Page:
The controversial Louisiana pastor who has flouted social distancing by continuing to hold in-person services is now asking Americans to donate their coronavirus stimulus checks to his megachurch.
Pastor Tony Spell has come under fire for repeatedly holding services at his Life Tabernacle Church near Baton Rouge despite Louisiana’s stay-at-home order to stop the spread of coronavirus.
He has previously preached that people had ‘nothing to fear’ and that ‘true Christians do not mind dying’.
The number of infections in Louisiana has increased to more than 21,000 and the death toll is now over 1,100.
Now, Spell is now asking his followers to donate the federal stimulus checks they started receiving this week to evangelists, missionaries or music ministers who haven’t received any money from churchgoers in a month.
Pastor Tony Spell is asking his followers to donate the federal stimulus checks they started receiving this week to evangelists, missionaries or music ministers
In a video posted online late Wednesday, Spell – who is facing misdemeanor charges for holding services despite a ban on gatherings – said he was starting the #PastorSpellStimulusChallenge.
He stipulated three rules for the challenge: It will start Sunday, people need to donate their stimulus money and they need to give it to the North American evangelists, missionaries and music ministers who ‘haven’t received an offering in a month’.
Spell said he, along with his wife and their son, would be donating their entire stimulus checks.
He said that if people don’t have a church to donate to, they can donate through his website.
Government relief checks began arriving in the bank accounts of tens of millions Americans on Wednesday as the economic damage to the US from the coronavirus piled up.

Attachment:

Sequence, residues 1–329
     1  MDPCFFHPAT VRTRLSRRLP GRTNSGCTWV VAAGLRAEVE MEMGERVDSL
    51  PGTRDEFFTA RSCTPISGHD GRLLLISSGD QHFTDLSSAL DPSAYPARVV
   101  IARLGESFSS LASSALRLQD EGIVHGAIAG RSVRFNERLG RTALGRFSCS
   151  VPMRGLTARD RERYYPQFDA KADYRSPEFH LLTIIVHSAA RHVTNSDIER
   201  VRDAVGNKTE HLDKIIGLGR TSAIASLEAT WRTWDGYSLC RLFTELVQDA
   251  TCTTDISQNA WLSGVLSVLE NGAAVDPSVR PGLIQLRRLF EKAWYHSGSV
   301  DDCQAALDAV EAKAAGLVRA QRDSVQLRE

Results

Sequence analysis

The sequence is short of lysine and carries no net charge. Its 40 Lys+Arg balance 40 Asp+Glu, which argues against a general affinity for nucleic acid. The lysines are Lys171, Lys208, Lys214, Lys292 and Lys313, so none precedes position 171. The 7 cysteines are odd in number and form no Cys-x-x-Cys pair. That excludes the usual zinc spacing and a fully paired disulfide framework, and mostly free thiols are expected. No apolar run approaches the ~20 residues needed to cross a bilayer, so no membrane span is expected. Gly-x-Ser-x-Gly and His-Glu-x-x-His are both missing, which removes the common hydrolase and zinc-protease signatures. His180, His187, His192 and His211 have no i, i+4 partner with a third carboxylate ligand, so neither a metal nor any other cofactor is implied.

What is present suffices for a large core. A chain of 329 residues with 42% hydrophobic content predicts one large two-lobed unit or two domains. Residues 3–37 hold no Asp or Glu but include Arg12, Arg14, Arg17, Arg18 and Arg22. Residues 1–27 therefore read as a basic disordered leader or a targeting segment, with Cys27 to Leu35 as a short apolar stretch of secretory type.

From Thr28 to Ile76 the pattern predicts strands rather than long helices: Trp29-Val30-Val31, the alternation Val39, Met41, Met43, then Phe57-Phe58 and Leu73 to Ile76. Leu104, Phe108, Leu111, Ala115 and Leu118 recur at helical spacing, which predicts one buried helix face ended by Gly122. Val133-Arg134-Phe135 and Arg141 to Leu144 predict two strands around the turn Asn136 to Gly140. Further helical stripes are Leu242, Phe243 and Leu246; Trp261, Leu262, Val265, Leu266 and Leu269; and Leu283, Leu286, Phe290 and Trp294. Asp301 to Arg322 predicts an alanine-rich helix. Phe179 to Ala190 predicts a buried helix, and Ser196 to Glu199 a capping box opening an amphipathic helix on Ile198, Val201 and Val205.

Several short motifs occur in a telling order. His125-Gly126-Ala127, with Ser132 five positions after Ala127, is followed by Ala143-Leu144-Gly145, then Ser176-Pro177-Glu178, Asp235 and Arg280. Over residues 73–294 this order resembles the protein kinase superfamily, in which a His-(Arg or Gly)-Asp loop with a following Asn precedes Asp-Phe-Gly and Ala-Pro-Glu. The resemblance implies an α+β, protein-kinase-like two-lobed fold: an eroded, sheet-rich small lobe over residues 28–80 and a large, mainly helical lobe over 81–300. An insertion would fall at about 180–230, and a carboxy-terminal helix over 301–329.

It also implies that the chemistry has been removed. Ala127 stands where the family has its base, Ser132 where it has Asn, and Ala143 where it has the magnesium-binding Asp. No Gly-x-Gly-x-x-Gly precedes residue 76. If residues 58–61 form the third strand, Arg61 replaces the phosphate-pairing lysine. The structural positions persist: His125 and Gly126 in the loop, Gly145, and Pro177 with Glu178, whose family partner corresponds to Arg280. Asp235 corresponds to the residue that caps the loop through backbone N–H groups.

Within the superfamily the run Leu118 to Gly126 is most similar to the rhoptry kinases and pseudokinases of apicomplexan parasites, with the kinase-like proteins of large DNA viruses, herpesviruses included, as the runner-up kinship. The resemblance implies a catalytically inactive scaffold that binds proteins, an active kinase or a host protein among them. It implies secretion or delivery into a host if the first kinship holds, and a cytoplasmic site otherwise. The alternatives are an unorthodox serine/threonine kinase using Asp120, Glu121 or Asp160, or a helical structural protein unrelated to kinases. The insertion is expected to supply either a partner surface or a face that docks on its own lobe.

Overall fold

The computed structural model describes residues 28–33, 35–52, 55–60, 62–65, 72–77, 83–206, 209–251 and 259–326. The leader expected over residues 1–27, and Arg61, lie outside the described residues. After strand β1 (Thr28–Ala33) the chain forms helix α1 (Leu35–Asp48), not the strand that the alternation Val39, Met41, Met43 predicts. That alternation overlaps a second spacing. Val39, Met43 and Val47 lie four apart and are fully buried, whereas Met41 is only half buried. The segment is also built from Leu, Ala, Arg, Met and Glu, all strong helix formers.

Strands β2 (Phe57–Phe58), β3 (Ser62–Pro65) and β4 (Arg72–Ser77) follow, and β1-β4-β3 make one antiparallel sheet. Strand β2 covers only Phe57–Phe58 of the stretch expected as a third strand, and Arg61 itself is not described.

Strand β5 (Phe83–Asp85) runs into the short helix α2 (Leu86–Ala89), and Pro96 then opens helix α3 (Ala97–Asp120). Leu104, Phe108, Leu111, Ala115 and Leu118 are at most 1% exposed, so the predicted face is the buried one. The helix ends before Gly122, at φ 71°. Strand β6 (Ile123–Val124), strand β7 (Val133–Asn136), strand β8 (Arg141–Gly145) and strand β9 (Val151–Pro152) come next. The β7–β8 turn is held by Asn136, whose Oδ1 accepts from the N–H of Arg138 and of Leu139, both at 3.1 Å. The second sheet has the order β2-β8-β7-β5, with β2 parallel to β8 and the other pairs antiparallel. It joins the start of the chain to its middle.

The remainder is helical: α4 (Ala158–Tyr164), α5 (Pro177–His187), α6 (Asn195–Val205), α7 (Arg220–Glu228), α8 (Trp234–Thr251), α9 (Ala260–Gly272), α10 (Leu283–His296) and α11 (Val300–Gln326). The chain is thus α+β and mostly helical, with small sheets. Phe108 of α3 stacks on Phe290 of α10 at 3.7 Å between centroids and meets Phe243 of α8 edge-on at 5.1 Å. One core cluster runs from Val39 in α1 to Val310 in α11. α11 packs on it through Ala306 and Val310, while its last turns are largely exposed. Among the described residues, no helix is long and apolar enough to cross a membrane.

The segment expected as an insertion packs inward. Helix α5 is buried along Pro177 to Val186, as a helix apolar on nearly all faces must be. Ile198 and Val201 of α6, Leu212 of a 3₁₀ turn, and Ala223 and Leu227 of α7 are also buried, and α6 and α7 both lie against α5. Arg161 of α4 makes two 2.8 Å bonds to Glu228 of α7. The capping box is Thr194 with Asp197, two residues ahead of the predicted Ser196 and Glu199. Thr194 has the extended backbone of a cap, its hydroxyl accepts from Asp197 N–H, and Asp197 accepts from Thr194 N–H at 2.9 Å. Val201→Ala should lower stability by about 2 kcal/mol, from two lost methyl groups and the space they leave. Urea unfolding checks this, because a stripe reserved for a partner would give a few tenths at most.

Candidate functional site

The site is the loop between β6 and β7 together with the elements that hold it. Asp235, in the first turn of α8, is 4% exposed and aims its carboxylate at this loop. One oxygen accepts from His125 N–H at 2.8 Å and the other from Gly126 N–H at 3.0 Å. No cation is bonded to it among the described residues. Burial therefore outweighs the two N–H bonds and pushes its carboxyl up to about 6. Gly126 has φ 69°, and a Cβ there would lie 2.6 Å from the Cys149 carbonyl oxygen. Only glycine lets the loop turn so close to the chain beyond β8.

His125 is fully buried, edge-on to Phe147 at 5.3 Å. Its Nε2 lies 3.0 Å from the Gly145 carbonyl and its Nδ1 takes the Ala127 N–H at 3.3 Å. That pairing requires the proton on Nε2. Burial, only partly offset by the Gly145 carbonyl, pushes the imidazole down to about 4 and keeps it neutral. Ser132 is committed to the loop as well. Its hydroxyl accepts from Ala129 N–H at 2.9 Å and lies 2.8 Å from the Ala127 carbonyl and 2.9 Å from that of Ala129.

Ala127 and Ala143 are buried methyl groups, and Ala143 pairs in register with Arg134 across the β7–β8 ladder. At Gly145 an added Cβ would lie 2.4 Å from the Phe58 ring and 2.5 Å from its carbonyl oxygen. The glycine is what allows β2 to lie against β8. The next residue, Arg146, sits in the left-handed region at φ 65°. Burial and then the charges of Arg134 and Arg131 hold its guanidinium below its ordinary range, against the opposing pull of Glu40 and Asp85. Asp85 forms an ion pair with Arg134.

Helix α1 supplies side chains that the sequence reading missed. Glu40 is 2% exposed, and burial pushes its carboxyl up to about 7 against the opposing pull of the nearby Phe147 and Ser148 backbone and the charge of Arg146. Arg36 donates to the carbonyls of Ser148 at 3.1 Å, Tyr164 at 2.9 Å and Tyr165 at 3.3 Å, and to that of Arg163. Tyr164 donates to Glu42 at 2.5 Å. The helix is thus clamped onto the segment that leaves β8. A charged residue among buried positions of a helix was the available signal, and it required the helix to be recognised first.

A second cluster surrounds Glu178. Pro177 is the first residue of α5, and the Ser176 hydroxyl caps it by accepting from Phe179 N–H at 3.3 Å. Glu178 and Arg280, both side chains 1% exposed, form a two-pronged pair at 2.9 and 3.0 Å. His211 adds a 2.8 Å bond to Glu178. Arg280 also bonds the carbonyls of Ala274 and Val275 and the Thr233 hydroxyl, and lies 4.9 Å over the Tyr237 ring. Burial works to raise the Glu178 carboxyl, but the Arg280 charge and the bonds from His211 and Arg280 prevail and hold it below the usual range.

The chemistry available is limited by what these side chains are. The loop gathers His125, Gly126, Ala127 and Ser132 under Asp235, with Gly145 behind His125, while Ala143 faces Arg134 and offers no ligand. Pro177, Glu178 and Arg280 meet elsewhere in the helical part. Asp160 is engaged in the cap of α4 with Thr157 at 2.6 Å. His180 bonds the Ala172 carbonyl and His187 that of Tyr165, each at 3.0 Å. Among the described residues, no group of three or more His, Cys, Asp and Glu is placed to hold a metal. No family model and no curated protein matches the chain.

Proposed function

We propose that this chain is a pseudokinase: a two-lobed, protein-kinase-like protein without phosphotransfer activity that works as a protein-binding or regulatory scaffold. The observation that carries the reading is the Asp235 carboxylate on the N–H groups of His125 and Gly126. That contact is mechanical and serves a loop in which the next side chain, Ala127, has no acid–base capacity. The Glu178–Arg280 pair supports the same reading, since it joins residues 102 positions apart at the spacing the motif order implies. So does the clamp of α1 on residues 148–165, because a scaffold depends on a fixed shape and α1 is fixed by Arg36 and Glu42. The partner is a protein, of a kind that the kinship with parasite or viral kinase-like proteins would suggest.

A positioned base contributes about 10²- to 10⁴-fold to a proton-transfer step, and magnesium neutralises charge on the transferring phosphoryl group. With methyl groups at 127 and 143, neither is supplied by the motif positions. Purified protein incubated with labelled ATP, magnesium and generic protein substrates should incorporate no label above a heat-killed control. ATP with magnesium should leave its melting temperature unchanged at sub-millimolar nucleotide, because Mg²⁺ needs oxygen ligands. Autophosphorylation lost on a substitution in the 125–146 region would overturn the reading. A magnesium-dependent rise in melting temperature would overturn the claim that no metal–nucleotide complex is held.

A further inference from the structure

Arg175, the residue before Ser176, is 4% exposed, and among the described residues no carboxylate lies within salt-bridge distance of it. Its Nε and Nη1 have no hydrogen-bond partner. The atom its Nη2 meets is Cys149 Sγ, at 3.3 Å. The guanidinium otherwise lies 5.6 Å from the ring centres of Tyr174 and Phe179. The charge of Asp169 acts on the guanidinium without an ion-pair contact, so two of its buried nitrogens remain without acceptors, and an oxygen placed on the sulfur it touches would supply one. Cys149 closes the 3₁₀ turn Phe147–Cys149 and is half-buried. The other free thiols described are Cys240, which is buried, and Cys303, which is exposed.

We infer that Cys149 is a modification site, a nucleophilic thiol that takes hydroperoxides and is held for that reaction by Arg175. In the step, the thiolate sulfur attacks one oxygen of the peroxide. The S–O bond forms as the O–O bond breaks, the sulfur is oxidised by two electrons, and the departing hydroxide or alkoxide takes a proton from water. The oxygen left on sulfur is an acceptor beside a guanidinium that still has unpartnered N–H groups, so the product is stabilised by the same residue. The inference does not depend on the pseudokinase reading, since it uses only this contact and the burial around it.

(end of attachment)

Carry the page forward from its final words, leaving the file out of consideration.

Adults receive up to $1,200 each and $500 for each child to help people pay the rent or cover other bills.
It comes as one of his lawyers who is representing him following his misdemeanor charges was hospitalized on Tuesday with coronavirus.
Jeff Wittenbrink attended a news conference at the church on April 2 and a service on April 5, the Advocate reports.
Wittenbrink, who is in hospital on oxygen after experiencing worsening conditions, including a fever and cough, says he doesn’t know how he got the virus.
‘I went to Albertson’s twice a day. I went to Sam’s. I went to Walmart. I went to Lowe’s. I used the gas pumps. I mean I just wasn’t careful. God knows where I got it. The bad thing is I might have spread to somebody. I feel bad about that,’ he said.
It comes after Spell welcomed more than 1,300 congregants to his church on Sunday for an Easter service.
He said that people from every state attended.
Worshipers could be heard clapping, singing and responding ‘Amen’ during the service..
‘My hope is not in a vaccine for a virus, but all my hope is in Jesus,’ he told the congregation.
Spell sought to reassure his congregation, telling them: ‘If you don’t want to touch anyone, you don’t have to touch anyone.
‘I promise that before I lay hands on you or touch you that I will disinfect my hands so that you don’t have to worry about me transmitting anything to you.’
In an interview earlier this month, Spell was unapologetic when asked if he thought he would have blood on his hands if one of his congregants became infected and died.
‘Like any revolutionary, or like any zealot, or like any pure religious person, death looks to them like a welcome friend,’ he said.
‘True Christians do not mind dying. They fear living in fear.’
Police arrested Spell on March 31 and charged him with six misdemeanors for violating the governor’s executive order that limits gatherings to less than 10 people.
At the time, Central Police Chief Roger Corcoran called Spell’s decision to keep holding services ‘reckless and irresponsible.’
SOURCE: Daily Mail, Emily Crane